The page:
Opening Minds targets workplace mental health
This month, a program called “The Working Mind: Workplace Mental Health and Wellness” will launch, starting with three organizations in Nova Scotia.
The Working Mind is based on The Road to Mental Readiness (R2MR), a program developed by the Department of National Defense (DND). This program emerged out of the Canadian military’s need for mental resiliency in its soldiers who were coming out of stressful situations and environments.
“Extensive research and evaluation has shown that the DND program is successful in reducing stigma and generating good mental health, and has now been adapted for a civilian workplace setting by the Mental Health Commission of Canada,” says Michael Pietrus, Director of Opening Minds.
The main component of R2MR is the Mental Health Continuum Model. This model categorizes symptoms of good to poor mental health under a four colour continuum: green (healthy), yellow (reacting), orange (injured), and red (ill).
“It works well as a stigma reduction tool because it removes the labels,” says Pietrus. “Rather than saying that someone has depression or anxiety disorder, what the colours do is allow you to talk – in a neutral way – about mental health without labelling you. If someone says ‘I’m orange today’ you know they have a series of characteristics but aren’t necessarily associated with a diagnosis.”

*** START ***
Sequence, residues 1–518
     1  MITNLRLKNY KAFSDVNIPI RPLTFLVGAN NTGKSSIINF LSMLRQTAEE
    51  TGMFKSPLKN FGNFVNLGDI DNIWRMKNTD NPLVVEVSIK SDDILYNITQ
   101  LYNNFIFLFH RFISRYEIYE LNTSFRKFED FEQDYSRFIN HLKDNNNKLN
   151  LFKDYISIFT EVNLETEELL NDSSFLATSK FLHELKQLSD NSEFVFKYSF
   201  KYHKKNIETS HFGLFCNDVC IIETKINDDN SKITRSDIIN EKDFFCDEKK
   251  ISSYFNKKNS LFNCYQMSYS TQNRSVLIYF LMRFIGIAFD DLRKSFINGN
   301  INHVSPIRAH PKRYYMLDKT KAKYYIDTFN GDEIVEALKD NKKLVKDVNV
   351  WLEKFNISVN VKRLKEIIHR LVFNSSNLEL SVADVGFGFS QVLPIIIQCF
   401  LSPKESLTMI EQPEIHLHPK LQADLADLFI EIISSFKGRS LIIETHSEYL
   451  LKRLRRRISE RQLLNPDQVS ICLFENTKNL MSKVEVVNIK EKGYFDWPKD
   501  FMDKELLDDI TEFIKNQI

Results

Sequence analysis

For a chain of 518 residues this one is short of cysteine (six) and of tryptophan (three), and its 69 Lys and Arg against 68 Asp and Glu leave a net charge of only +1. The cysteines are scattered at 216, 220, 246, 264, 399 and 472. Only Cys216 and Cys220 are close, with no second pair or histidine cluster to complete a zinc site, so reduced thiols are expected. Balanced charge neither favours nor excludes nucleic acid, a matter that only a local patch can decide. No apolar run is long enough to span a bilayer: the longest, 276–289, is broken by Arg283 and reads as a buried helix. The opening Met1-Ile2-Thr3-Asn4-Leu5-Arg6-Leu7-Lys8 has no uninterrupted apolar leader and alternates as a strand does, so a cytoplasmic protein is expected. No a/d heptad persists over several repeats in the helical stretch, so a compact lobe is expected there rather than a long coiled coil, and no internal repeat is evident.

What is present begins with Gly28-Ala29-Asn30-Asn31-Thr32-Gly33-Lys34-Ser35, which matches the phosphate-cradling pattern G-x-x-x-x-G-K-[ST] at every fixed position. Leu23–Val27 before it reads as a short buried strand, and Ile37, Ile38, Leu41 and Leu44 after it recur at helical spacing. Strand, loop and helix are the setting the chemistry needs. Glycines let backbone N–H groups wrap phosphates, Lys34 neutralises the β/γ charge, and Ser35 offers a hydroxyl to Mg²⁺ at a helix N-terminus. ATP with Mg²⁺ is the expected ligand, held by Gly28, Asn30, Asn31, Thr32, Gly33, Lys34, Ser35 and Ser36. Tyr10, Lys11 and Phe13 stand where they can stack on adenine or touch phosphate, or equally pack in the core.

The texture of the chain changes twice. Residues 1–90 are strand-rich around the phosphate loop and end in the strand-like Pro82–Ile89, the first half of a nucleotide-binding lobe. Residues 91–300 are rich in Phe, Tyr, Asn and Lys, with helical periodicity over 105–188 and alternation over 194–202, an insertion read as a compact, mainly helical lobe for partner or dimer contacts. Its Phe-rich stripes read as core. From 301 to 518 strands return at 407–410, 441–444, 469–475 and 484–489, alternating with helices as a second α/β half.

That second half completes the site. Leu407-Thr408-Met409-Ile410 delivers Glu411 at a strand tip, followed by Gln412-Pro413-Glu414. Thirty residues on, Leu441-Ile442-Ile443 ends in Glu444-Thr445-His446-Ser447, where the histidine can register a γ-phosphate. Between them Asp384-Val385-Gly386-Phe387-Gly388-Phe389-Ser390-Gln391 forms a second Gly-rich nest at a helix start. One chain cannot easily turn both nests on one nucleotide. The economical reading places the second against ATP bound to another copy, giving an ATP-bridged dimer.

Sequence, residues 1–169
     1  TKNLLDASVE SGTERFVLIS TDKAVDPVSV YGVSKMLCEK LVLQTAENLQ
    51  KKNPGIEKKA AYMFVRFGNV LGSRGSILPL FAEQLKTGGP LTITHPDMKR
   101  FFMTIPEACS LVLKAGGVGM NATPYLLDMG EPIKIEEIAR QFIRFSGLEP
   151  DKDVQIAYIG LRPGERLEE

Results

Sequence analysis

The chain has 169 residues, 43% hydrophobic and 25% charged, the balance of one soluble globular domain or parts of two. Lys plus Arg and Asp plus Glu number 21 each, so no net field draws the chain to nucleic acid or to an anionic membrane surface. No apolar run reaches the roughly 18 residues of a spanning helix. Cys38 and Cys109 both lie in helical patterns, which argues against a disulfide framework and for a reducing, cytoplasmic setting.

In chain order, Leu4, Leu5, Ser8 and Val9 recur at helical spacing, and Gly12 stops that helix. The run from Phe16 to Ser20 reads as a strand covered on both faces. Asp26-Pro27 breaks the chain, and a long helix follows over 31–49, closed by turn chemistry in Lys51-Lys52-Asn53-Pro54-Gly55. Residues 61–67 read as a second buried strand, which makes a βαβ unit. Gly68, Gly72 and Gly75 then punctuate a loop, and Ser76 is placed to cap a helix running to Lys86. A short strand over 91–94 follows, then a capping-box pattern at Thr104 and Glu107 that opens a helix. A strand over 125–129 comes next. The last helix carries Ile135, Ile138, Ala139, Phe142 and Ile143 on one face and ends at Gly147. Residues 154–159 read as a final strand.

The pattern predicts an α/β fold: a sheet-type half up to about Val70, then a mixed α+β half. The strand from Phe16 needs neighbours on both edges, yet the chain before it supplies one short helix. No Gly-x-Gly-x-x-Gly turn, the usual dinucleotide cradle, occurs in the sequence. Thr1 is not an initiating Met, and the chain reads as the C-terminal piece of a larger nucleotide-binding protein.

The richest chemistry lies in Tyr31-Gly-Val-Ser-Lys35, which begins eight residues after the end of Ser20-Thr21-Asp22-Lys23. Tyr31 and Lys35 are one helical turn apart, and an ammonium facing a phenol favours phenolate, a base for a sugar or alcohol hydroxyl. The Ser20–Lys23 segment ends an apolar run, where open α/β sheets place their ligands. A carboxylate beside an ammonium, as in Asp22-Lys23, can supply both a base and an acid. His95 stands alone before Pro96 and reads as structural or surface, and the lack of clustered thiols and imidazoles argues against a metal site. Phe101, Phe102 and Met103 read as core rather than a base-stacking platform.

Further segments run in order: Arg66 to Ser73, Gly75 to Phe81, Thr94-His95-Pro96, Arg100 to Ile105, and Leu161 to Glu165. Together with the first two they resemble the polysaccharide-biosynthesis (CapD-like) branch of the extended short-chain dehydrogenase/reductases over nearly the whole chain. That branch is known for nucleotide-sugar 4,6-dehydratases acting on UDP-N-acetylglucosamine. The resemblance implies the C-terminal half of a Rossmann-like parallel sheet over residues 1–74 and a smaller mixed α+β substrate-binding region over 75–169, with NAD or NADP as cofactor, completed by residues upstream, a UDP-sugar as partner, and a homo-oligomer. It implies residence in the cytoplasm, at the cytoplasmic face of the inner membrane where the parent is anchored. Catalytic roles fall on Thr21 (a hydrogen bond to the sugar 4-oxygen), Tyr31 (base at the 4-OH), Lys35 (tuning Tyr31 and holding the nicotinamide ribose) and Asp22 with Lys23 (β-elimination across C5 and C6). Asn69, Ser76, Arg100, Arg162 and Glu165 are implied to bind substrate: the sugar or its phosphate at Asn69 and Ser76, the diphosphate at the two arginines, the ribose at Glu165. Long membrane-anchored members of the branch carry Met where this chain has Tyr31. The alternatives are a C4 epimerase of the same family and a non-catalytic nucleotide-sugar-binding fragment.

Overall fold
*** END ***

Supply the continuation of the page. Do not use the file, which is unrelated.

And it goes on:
The Working Mind expands on the DND’s program by including a module focused on dispelling the myths surrounding mental disorders and reducing the associated stigma. It will also include custom videos of people with lived experience of mental illness and stigma in a workplace context.
Starting September 23, a trainer from the DND will begin working with 30 managers from the Government of Nova Scotia, the Capital District Health Authority and Nova Scotia Community College. After completing the week-long course, these new trainers will be equipped to offer it to co-workers in their respective organizations. From these beginnings, the MHCC’s Opening Minds hopes to advance the program to workplace settings across the country.
OTHER STIGMA REDUCTION NEWS
In June of 2012, more than 700 delegates from 29 countries attended the MHCC’s Together Against Stigma: Changing How We See Mental Illness – the world’s largest anti-stigma conference.
A compilation of the knowledge that came out of the conference is now available online as an interactive flip book. More than a textual record of the event, the document includes videos of keynote speakers such as actor Glenn Close and stigma experts like Norman Sartorius and Pat Corrigan.